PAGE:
The U.S. Consumer Product Safety Commission (CPSC) is fighting with Peloton to have a recall issued for the popular Tread+ treadmill.
Peloton recently found itself in hot water after the U.S. Consumer Product Safety Commission (CPSC) sent a warning to the fitness equipment maker, demanding that it issue a recall of its Tread+ treadmill. According to the federal agency, there have been 39 reports of children and pets being injured, including a death in March, in connection with the treadmills. However, Peloton has so far rejected the agency’s warning and claimed the “CPSC’s notice was inaccurate and misleading as it was possible to keep using the Tread+ so long as people followed existing instructions to keep children and pets away from the Tread+ at all times.”
When issuing the warning to Peloton, the CPSC highlighted an incident “where a child was hurt while an adult was using the treadmill.” The Commission stated, “You can’t avoid risks just by locking the Tread+ while you aren’t using it,” contrary to what Peloton suggested. According to the company, people who have the treadmills in question should “keep it in a locked room and unplug it when not in use.”
Additionally, representatives with Peloton said the treadmill has a “safety key precisely to prevent the machine from being turned on and that there were multiple layers of warnings to keep children and pets away, including in classes and on the machine itself.” It further claimed it had asked the “CPSC to make a joint announcement on following safety instructions, and that the Commission had unfairly labeled attempts to collaborate and correct the record as stalling tactics…Officials were supposedly unwilling to participate in meaningful talks before the warning went public.”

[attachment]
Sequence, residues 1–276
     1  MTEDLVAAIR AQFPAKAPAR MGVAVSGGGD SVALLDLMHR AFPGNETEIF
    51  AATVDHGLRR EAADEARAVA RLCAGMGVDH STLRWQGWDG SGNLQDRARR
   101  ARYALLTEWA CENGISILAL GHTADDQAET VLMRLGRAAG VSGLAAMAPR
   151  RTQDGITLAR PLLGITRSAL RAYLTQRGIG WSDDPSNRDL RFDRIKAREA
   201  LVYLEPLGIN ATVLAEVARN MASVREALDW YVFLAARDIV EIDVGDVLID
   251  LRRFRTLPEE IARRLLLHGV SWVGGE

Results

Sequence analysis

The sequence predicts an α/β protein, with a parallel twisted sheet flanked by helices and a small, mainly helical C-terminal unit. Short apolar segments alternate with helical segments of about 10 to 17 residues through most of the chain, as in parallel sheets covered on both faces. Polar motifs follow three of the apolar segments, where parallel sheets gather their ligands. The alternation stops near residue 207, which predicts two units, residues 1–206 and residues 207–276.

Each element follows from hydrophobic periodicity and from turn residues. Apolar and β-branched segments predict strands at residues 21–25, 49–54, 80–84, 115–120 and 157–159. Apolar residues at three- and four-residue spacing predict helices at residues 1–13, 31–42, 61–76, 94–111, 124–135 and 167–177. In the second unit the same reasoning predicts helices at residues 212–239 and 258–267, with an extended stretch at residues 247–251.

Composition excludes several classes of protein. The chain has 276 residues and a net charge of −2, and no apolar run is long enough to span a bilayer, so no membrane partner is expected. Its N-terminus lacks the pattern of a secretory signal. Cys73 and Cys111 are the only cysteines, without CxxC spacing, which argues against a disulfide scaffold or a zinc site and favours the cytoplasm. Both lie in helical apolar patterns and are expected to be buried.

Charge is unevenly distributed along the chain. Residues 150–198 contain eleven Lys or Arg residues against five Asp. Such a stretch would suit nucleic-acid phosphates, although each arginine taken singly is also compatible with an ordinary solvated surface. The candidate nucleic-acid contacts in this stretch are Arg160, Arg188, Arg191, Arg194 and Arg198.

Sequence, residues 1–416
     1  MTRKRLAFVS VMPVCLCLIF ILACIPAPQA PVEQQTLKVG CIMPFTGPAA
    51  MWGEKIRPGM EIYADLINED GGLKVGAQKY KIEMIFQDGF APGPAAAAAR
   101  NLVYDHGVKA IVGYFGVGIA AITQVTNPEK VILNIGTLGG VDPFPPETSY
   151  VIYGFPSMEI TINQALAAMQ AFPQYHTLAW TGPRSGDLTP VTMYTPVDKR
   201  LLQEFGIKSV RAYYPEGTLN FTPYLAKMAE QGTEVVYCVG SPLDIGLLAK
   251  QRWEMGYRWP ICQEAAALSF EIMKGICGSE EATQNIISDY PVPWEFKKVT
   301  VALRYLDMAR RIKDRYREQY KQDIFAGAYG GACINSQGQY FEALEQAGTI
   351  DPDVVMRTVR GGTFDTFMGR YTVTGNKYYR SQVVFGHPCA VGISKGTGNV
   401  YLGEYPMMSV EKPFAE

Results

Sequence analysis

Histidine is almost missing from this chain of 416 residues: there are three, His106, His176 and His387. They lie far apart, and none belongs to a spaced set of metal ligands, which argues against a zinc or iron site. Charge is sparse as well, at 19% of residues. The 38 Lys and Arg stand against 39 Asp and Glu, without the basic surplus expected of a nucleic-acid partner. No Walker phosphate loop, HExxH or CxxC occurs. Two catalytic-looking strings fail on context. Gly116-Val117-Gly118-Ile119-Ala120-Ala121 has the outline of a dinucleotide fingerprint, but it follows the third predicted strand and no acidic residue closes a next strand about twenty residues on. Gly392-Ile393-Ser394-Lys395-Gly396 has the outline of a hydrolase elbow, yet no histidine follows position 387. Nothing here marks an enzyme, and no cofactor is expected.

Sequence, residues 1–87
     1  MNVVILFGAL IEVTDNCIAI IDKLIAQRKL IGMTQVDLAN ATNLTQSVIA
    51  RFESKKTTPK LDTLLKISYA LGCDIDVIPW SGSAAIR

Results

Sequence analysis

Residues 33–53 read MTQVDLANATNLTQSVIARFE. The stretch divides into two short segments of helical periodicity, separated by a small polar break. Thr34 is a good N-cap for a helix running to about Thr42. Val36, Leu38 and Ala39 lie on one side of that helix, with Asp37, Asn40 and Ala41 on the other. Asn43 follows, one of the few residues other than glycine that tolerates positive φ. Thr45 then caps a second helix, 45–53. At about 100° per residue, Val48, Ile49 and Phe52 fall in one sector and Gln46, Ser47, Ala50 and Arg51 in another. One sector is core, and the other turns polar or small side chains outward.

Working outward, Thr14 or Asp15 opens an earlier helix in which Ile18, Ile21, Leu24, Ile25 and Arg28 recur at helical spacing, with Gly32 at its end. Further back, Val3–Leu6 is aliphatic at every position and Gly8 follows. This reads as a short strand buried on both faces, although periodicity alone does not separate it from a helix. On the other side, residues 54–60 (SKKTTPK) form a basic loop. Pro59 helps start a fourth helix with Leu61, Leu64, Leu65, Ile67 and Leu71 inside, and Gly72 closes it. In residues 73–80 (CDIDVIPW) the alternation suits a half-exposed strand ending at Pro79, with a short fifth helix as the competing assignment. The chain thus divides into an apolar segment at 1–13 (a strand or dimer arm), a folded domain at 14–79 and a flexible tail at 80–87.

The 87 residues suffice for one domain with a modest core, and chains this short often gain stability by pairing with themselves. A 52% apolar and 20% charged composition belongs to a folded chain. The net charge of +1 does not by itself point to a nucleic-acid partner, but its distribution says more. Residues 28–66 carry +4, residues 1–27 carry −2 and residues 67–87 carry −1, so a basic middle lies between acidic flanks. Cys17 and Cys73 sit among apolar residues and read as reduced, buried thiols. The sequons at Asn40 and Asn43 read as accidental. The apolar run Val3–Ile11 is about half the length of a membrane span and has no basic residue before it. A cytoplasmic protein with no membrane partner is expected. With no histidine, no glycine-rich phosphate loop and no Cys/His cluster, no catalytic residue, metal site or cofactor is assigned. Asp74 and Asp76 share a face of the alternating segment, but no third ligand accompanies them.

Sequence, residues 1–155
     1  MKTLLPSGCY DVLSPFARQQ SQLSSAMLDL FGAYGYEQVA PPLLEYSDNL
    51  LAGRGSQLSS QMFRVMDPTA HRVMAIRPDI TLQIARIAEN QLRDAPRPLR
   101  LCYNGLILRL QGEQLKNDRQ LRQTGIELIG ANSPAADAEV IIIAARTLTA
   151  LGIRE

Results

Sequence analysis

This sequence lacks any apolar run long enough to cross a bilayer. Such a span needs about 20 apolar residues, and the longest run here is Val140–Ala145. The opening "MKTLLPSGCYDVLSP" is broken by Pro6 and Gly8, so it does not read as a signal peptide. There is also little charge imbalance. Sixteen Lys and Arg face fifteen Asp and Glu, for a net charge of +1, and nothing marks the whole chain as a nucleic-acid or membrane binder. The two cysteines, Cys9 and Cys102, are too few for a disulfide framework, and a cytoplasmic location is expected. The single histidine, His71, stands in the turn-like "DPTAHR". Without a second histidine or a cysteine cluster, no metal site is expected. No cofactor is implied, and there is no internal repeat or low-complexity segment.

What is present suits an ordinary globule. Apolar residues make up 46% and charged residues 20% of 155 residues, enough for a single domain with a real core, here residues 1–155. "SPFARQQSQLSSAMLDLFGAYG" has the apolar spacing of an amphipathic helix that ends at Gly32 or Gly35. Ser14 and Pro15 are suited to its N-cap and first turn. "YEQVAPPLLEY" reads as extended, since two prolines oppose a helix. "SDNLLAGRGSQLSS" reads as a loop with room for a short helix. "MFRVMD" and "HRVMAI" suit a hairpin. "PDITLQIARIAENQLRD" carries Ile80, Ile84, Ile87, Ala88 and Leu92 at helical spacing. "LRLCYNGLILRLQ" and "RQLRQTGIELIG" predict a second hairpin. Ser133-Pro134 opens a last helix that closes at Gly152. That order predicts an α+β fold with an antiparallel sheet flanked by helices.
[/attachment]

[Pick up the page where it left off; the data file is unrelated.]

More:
Over the last few weeks, the CPSC has been “negotiating the phrasing of the warning with Peloton,” and eventually asked the company “Peloton for help with a safety investigation.” However, that investigation hit a wall, resulting in the agency issuing a “subpoena to get contact information for a victim’s parents after the company cited privacy protections.”
In most cases, CPSC recalls are voluntary. In cases like the one with Peloton, though, the agency can “sue if it believes a recall is necessary.” While it hasn’t sued Peloton yet, the agency said “safety is a concern for all treadmills (there were an estimated 22,500 reported US injuries in 2019), and it’s not clear if there are any issues specific to Peloton’s hardware that would merit the warning or a recall.” It noted the reported incidents are concerning, but for now, until a recall is issued, consumers should take extra care while operating the Tread+ treadmill.